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Francine Du Plessix Gray, 'Simone Weil'
This was my first encounter with Simone Weil, the French philosopher, teacher and political activist, and I found her mesmerising – a huge intellect and a huge conscience. She dealt with the challenge that knowing and understanding the world creates an obligation to be involved in it, to affect it, by hurling herself into the stream of life to an extent verging on madness.
Although frail and clumsy, Weil sought out gruelling work in factories and farms; she was a union organiser; she went to fight with the anarchists in the Spanish Civil War. Her drive to work for social justice and to live a life of poverty consistent with the lives of the mass of the world’s population arose from an almost supernatural compassion for others.
I suspect that there may be better books on Simone Weil. The author is too present in this book. We are bombarded with Weil’s anorexia. Certainly the body and mind entanglement was a difficult part of Weil’s life, but this is a very modern American take on it.
Likewise Plessix Gray shows a lack of understanding of why Weil disliked Judaism, in particular for its violent rhetoric. This was a very widespread stance at the time among the secular European intellectuals with a Jewish heritage.
There is a strand of censoriousness that is peculiar to find in a biography. Plessix Gray describes as “priggish” Weil’s stance that for France to be worthy of freedom it had to let go of its colonies. The author can’t help but be outraged by Weil’s “obstinate pacifist rationale”.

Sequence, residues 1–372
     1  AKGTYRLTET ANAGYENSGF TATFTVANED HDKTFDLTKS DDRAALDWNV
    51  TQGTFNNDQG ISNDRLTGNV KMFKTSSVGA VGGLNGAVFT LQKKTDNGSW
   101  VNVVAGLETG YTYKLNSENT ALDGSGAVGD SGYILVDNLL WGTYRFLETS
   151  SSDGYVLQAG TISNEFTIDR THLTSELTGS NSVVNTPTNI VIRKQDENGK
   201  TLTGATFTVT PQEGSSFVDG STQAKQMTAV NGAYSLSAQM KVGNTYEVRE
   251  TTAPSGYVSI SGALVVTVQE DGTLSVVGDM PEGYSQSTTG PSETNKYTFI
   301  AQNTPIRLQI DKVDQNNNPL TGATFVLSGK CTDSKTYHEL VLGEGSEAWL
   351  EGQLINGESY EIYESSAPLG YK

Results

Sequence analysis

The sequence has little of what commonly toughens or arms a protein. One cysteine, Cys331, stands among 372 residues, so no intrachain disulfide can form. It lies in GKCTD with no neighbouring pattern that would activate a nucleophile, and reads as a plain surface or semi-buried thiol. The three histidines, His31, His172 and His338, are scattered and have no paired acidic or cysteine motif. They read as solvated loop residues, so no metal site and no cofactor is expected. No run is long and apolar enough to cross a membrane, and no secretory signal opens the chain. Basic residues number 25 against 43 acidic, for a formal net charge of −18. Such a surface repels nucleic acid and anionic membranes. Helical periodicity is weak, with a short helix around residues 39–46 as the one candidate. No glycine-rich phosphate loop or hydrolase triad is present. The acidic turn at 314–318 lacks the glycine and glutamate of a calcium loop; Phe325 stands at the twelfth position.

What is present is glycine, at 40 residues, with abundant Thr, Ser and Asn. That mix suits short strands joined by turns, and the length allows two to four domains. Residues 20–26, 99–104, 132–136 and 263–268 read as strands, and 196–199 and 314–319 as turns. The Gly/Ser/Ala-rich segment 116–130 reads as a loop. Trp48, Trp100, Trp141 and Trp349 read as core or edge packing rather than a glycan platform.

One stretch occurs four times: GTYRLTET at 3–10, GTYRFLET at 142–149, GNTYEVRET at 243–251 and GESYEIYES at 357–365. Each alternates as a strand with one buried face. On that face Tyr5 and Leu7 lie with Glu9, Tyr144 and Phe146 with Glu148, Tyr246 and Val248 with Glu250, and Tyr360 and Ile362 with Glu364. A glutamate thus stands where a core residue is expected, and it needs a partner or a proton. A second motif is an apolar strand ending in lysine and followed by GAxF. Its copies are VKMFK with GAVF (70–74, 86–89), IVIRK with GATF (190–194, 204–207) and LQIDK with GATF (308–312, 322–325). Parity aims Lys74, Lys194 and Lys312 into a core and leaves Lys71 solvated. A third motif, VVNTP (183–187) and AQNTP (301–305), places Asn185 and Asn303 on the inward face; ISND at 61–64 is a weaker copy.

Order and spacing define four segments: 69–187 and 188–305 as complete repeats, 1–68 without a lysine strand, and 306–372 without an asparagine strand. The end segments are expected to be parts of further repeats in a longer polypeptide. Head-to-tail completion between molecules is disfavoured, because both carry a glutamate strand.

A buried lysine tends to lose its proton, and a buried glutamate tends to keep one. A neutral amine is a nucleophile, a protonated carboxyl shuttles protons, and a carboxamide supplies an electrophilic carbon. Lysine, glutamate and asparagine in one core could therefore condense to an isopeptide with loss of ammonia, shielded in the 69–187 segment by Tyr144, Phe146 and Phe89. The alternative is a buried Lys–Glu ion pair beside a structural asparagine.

One has to try to pick out Weil’s political and tactical thoughts of 1938 from Gray’s judgement of them as “naive and utterly shocking”. Weil considered “that the French nation might save itself a great deal of suffering by opening its gates to the enemy. Whereas another world war would be a disaster for the entire world, she argued, a German domination of Europe, ‘bitter as the prospect may be’ would not be a worse prospect, in the long run, than France’s colonial domination”. These provocative arguments could well have been found in Peace News at the time and are an interesting insight into the political thoughts of pre-war anti-imperialists and of the strength of the international perspective that pacifists took.
Despite my internal tussles with the author I was gripped by this book and sped through the fascinating trajectory of childhood genius, French left-wing politics, radical pacifism to troubled spirituality and a yearning to be parachuted into France by the Resistance.